Profits, revs sink amid character flaws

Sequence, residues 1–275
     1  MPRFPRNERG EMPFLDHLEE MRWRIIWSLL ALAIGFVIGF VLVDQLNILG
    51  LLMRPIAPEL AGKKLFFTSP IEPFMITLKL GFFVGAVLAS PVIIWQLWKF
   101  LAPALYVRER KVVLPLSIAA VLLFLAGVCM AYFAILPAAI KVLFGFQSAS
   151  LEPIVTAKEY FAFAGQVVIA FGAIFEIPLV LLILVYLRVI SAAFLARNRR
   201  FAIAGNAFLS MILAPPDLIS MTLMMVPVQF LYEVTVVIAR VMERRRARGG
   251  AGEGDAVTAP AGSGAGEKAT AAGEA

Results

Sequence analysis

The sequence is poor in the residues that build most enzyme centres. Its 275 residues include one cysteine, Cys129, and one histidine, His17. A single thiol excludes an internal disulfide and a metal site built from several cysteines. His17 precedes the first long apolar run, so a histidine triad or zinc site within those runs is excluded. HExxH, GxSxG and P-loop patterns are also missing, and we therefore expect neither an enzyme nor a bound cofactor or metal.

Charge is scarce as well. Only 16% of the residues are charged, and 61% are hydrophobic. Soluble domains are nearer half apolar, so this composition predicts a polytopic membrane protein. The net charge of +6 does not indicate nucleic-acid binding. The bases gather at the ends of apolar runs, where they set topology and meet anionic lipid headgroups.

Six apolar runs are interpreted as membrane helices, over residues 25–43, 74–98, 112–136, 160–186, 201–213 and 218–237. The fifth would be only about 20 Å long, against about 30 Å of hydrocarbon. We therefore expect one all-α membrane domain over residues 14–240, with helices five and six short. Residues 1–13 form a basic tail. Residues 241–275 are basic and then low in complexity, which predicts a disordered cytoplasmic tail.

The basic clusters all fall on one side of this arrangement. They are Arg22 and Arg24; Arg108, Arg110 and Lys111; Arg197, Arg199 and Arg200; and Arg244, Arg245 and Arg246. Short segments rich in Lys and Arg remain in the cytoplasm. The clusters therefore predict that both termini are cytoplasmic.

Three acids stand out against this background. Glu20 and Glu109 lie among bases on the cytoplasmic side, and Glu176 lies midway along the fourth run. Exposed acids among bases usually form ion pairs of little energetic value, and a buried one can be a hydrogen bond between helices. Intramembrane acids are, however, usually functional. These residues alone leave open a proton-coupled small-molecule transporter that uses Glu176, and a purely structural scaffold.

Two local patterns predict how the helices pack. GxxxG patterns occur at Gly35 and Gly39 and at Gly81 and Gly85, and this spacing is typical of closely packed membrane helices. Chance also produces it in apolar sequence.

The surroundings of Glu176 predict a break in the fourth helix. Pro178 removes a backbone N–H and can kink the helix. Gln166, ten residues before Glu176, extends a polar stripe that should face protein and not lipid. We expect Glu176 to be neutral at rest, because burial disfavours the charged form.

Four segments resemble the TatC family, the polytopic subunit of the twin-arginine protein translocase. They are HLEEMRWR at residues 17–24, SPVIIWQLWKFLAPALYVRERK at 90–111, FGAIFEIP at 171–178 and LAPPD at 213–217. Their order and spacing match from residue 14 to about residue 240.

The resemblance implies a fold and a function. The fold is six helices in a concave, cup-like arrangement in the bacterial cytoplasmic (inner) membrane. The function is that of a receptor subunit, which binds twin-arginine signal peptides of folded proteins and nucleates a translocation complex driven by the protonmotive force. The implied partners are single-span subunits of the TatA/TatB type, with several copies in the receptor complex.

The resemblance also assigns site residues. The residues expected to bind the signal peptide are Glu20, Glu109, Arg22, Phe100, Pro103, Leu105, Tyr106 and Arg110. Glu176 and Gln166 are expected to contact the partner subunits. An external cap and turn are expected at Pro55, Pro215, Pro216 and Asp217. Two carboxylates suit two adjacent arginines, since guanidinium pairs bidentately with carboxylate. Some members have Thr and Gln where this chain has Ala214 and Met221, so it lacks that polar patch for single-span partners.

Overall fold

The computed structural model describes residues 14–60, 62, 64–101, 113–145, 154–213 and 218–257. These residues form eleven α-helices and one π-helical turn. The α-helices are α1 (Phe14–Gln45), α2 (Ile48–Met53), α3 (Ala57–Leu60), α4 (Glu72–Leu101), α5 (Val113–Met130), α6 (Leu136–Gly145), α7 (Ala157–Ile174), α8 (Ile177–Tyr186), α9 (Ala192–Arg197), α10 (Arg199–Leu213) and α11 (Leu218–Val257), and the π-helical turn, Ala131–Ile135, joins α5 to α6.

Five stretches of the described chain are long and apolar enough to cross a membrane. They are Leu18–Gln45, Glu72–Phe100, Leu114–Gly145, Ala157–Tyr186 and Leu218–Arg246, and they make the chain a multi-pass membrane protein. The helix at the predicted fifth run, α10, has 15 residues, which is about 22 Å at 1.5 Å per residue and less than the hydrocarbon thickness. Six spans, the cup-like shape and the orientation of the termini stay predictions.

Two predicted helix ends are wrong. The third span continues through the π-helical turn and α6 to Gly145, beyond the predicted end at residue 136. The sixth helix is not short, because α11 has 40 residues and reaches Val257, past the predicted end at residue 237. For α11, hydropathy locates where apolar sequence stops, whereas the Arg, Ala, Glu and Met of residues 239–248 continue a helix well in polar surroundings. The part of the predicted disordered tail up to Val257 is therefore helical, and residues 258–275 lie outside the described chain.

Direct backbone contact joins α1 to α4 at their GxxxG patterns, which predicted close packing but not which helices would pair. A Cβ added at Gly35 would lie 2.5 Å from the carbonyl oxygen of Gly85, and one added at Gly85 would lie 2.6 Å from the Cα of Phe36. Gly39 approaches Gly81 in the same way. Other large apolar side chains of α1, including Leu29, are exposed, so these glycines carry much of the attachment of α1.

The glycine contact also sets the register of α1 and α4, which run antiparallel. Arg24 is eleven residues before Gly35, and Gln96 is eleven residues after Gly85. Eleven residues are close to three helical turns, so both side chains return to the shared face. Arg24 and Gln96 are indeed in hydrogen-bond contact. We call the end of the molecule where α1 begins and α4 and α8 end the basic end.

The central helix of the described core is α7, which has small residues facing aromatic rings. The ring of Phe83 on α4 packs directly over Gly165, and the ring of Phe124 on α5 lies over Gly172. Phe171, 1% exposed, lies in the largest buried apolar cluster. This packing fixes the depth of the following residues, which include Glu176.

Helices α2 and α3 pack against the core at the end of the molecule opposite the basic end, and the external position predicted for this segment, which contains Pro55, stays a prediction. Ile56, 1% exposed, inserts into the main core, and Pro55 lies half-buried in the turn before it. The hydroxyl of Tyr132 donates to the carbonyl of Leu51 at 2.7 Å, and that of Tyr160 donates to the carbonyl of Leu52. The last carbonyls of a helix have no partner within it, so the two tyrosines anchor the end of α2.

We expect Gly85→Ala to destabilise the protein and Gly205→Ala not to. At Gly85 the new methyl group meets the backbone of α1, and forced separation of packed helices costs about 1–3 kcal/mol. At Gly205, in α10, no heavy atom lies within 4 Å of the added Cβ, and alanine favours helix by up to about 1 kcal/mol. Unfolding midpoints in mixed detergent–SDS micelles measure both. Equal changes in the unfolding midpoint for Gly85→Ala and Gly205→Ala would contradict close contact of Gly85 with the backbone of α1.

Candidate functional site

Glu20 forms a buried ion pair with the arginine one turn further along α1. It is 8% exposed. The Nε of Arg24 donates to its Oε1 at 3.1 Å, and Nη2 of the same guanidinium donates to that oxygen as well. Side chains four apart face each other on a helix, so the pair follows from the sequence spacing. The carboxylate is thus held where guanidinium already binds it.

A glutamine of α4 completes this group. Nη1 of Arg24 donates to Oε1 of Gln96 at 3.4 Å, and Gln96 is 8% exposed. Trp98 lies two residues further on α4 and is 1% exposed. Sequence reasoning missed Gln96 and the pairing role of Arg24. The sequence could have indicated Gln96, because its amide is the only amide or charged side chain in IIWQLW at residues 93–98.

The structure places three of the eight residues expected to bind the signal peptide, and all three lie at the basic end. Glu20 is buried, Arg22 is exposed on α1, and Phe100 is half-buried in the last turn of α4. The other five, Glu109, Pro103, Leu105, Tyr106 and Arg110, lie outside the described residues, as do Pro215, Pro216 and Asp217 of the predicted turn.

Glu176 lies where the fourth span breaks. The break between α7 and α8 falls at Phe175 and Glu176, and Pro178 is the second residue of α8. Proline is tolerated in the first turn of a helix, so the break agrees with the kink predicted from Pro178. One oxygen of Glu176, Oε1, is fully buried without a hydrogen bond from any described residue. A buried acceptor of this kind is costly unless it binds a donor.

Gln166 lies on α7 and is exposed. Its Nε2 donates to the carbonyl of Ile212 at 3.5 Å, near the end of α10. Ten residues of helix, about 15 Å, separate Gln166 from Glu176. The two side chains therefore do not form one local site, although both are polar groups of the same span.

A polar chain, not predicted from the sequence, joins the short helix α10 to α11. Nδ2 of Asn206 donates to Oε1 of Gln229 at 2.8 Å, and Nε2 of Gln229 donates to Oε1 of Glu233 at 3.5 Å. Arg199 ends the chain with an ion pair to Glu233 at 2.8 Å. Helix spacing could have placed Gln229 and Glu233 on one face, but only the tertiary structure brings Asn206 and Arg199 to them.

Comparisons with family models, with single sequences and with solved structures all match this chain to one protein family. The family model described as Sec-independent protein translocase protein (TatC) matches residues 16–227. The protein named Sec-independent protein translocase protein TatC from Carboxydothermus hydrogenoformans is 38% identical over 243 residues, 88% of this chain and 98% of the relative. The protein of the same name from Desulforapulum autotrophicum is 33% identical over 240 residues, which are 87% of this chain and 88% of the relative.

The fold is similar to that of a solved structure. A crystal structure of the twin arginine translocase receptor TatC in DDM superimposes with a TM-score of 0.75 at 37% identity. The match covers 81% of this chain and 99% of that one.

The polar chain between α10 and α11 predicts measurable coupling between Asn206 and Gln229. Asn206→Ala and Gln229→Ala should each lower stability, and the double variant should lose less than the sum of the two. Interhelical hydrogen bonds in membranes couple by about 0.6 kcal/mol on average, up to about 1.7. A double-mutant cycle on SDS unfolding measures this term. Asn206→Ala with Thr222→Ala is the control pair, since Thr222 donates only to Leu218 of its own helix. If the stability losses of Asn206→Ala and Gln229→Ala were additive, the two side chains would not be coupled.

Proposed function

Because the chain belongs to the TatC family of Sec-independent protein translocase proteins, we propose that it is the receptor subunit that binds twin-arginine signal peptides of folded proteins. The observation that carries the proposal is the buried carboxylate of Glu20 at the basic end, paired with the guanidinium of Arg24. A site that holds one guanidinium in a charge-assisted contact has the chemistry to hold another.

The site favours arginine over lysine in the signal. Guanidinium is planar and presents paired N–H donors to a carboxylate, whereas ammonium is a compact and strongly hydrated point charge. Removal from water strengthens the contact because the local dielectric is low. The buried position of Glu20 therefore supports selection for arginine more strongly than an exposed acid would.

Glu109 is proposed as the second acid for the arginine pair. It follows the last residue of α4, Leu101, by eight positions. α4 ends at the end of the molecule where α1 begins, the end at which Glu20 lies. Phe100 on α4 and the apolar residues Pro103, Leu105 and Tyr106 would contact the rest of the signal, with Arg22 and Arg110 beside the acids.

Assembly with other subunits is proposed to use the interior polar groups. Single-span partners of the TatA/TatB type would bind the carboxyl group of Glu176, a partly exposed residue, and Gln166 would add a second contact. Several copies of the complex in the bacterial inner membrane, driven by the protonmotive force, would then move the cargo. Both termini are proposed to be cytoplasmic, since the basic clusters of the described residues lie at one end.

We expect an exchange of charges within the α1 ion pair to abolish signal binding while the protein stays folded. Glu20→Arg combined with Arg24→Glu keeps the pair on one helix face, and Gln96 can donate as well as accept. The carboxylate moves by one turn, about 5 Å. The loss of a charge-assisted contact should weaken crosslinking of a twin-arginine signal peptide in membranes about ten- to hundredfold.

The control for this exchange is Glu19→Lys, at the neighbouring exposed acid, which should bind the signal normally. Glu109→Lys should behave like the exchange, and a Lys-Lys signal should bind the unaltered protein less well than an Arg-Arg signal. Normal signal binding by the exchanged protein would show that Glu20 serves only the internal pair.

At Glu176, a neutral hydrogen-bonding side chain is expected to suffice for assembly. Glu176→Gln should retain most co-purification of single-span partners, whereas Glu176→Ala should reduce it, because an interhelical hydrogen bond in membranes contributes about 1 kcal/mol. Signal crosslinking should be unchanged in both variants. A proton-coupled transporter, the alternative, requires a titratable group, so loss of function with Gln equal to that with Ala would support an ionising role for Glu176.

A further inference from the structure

This article was corrected on July, 1, 2002.World Wrestling Entertainment, saw its profits plunge 16% and revenues drop 7.9% in fiscal 2002. WWE’s annual financial report put a rubber stamp to the already obvious perception that ratings of the company’s signature TV shows “Raw” on TNN and “Smackdown” on UPN are down, particularly among 12- to 17-year-old males (Daily Variety, June 24). Stories not working “I haven’t seen the WWE come up with anything recently that has struck the fancy of the viewing audience,” said Dennis McAlpine, the veteran media analyst who’s head of his own firm. “New characters haven’t done it for audiences, and new storylines haven’t done it.” McAlpine pointed to the difficulty WWE has had in coming up with marquee replacements for its biggest star the Rock (“The Scorpion King”), whose movie career has pulled him away from regular appearances on “Smackdown,” as well as for Stone Cold Steve Austin, who’s under a long-term suspension for insubordination, and Mick Foley, who retired. Longer story arcs In a telephone conference call with analysts and reporters, Linda McMahon, CEO of the WWE, acknowledged that the company’s staff writers “are going to have to come with longer story arcs” in order to “drive the casual fan back into the fold.” “We have to adjust, retool and reinvent ourselves,” McMahon said, although she added that the WWE still has a roster of well-known wrestlers such as the Undertaker, Triple H, Rob Van Dam, Booker T. and Brock Lesner. And even though the Rock is not doing as much wrestling these days, McMahon said she and her husband, WWE chairman Vince McMahon, will be executive producers of “Heldorado,” the Rock’s latest movie for Universal, in pre-production for an August-September shoot. The McMahons will also get profit participation in “Heldorado.” World Wrestling Entertainment received the $2 million executive producer’s fee for the film. In specific percentages, total revenues for WWE’s live and televised businesses were down 7% in fiscal 2002 (ended April 30), pay-per-view revenues were off by 12%, and TV ad revenues slipped by 7%.